the photoshooter's journey from taking to making

LOSING FOCUS

By MICHAEL PERKINS

WITH THIS GENERATION’S NEARLY UNIVERSAL EMBRACE OF CONSUMER-FRIENDLY EDITING SUITES LIKE PHOTOSHOP has come a new vocabulary to describe the new freedoms made possible by their use. Terms like painterly, dreamy, and atmospheric signal the reemergence of a far more interpretive kind of photography that has finally broken the long reign of the Cult Of Sharpness that valued crispness and “realism” above all other considerations in picture-making for nearly a century.

The idea, espoused by Ansel Adams and other from the photo group f/64 (a name that refers to what was then supposedly the sharpest f-stop possible), was that only a keen, precise measurement of light and tone could be regarded as “straight” photography and that all other more impressionistic renderings were somehow less authentic. This idea was itself a severe reaction to an even earlier school of photography called Pictorialism, which favored the tweaking of processing and printing tech to manipulate mood in much the same way that painters had always done. Some shooters like Adams regarded P-word pictures as the dead opposite of photography, as a non-scientific surrender to the painting tradition. Ansel, never the mealy-mouthed observer, once even went so far as to refer to Pictorialist William Mortensen as “the anti-Christ.” And so, as a consequence of the f/64 coven’s influence, the historical door on the dreamier side of photography was officially slammed shut and the word went out for decades afterward, to both pro and amateur alike that Sharpness is King.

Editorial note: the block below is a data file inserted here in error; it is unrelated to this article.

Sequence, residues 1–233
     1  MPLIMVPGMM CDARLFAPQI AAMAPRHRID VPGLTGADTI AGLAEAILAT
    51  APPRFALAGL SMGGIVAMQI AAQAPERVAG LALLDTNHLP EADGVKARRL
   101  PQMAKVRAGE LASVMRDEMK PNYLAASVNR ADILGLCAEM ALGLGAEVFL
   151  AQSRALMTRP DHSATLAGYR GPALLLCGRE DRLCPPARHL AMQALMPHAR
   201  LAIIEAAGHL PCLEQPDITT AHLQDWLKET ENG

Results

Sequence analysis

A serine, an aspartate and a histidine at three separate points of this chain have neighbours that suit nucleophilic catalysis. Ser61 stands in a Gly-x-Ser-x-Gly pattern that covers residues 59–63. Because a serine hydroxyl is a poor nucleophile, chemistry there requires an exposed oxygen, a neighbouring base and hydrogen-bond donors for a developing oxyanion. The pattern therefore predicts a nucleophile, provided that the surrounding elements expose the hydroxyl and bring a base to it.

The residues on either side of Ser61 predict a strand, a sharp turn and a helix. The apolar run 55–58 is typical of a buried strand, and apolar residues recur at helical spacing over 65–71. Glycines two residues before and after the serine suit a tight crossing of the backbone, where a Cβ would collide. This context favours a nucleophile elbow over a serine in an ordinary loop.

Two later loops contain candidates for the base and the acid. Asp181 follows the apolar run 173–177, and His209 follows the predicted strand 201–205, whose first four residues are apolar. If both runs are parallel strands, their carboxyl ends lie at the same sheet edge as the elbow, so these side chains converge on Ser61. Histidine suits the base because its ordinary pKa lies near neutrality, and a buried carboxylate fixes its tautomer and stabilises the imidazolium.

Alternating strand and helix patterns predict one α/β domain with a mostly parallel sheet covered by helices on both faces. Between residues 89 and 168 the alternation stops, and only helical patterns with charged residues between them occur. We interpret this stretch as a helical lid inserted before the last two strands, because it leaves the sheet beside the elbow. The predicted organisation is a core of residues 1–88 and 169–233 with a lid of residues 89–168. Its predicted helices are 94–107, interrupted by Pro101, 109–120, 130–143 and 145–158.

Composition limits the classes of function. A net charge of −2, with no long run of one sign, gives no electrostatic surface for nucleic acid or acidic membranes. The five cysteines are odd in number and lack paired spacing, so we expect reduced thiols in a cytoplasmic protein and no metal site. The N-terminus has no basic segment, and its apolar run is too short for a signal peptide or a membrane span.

stieglitzambition2_master

City Of Ambition, a Pictorialist photogravure by Alfred Stieglitz (1910)

Pictorialists’ images, like the NYC scene from Alfred Stieglitz seen here, were created by odd mixes of cross-mixed chemicals, the etching of pictures on printing plates, deliberate degradation of negatives, and dozens of other interventions done after the shutter click to deepen contrast, soften hard edges, and widen the range of tones for dramatic effect. Think of it as analog beta-testing for the tricks we now do with a few mere mouse clicks. Several generations of tech later, the sheer number of editing choices in the present day has led to a strong reassertion of soft or selective focus, of textures and tones that go beyond the real world in amazing and exciting ways. It’s led even those who still shoot film, like the toy camera devotees of Lomography, to re-evaluate what focus and sharpness are in a picture are actually for, and when to attenuate or even turn them off completely. It’s also led to the success of companies like Lensbaby, who sell all-manual lenses to digital shooters who want an interpretive tool, rather than a scientific instrument, to help them make images.

And so everything old is new again. Indeed, photography may have finally entered a phase in which “eras” and “trends” are just words, a time in which all times (and schools of thought) are equal. Here’s to the opportunity that that implies, and to an art that is just beginning, in its third century, to spread its new butterfly wings.

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